Are your pepper plants not growing as expected? Slow or stunted growth happens to peppers sometimes, but there are methods to fix it. We have put together our top tips for when your pepper plants are not growing.
The first few tips in this article will pertain to younger plants, while the later tips apply to more mature pepper plants. However, we recommend reading all of these causes to ensure that you take preventative measures next season!
All of these methods are part of basic pepper plant care. Your routine may simply need one adjustment to get your pepper plants to start growing normally again. For each possible cause, we’ll cover some other symptoms you will likely see in addition to slowed or stopped plant growth.
1. Give Young Peppers Plenty Of Light
Peppers come from a warm climate with lots of sunshine. Young plants are the most susceptible to poor growth if given too little light.
No, a sunny window is not ideal for young pepper plants. For best results and the fastest growth, use a grow light on seedlings indoors. We recommend to provide young pepper plants with 14-16 hours of light per day.
Symptoms of poor lighting:
- Leggy plants (tall and lanky)
- Thin stems
- Slowed growth rate
If you already use a grow light, make sure it is strong enough for your peppers. Light is the energy source for your plants, and this energy is used to form new leaves and branches. Without adequate energy, your pepper plants will grow more slowly.
For a quick recommendation, try this budget grow light on Amazon.
2. Fertilize Regularly (But Not Too Much)
Once pepper seeds sprout, they will start to use nutrients. They don’t need much at first, but as they grow larger, they will use more and more.
Depending on the stage of growth, the type and quantity of fertilizer you use will vary. For young plants 4 weeks or younger, we recommend 1/2 strength nitrogen-rich fertilizer. Alternatively, you could use a nutrient-rich potting soil without fertilizing at all.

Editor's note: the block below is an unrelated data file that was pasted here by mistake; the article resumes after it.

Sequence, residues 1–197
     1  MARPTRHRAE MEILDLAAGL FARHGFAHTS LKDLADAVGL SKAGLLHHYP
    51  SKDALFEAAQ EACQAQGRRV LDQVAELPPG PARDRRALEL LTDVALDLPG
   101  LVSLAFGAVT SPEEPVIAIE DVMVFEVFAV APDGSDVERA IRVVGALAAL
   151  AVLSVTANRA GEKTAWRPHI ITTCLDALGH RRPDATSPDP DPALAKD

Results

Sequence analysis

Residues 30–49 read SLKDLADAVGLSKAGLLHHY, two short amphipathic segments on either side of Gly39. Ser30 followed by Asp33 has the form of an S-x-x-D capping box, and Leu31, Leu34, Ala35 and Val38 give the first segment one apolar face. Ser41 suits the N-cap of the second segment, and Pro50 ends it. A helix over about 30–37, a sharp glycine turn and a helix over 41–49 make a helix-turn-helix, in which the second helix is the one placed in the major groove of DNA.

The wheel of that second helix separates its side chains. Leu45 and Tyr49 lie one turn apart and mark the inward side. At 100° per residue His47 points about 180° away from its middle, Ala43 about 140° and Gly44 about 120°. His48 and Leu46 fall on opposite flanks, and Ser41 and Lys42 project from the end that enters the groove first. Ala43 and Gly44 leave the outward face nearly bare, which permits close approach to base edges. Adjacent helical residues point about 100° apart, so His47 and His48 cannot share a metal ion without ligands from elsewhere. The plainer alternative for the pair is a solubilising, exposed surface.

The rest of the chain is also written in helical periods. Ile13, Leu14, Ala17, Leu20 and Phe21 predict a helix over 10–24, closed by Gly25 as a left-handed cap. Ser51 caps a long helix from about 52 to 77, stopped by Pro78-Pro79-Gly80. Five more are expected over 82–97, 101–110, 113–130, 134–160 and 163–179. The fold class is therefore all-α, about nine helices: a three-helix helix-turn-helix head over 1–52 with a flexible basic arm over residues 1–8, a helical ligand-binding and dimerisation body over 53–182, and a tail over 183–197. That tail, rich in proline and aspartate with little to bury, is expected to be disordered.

See all our recommended soils and fertilizers here.
For plants that are beginning to produce flowers and fruits, we recommend switching to a phosphorus-rich fertilizer and reducing nitrogen. This encourages the plant to stop growing new leaves and focus on producing peppers.
Other symptoms of nutrient issues:
- Yellowing leaves
- Leaves wilting or falling off
- Flowers dropping
Note: If you use a nutrient-rich soil, then fertilizer is likely unnecessary for the first 2-3 months of growth.
If your pepper plants are not growing, consider your fertilizer regimen and adjust if necessary. If you are fertilizing consistently or have healthy soil, look to other possible causes.
3. Remove Early Flowers and Peppers
One of the most common causes of smaller peppers is leaving early fruits to form. During the first few weeks of outdoor growth, you should pick off flowers and fruits.
This helps the plant direct more energy into growing roots, branches, and foliage. The early growth translates to a larger harvest later in the season.
It can be tempting to leave an early bell pepper on your plants for a quick harvest. However, this will only set your plants back and cause them to perform poorly overall.
We typically recommend picking any flowers or young fruits until the plants have been outside in their permanent location for 2-3 weeks. After that, leave the flowers on to grow and produce fruits!
4. Transplant Shock
Transplanting is a necessary step in growing peppers from seed. Shortly after transplanting seedlings into larger pots or into the ground, the plants may grow more slowly for several weeks.
This is normal. When peppers move to a larger body of soil, the root systems need some time to adjust and grow into the new surroundings. Be patient and allow the plant to recover and establish itself without too much disturbance. We also recommend avoiding fertilizing for the first 1-2 weeks after transplanting.
Sun shock is a related issue that can occur when transplanting peppers to the outdoors for the first time. Direct sunlight is much more intense than grow lights, and pepper plants must be hardened off gradually to avoid damage.
Other signs of transplant shock:
- Leaf drop
- Curling or abnormal leaves forming
- Sun scald (if moving to the outdoors)
Most important is to be patient after transplanting while the plant gets established. More often than not, the plants integrate within a couple weeks or so, and then take off in growth!
Note: If your plants have been outdoors for several weeks and are still not growing, your soil may be compacted. Avoid walking on garden soil, especially when it is wet!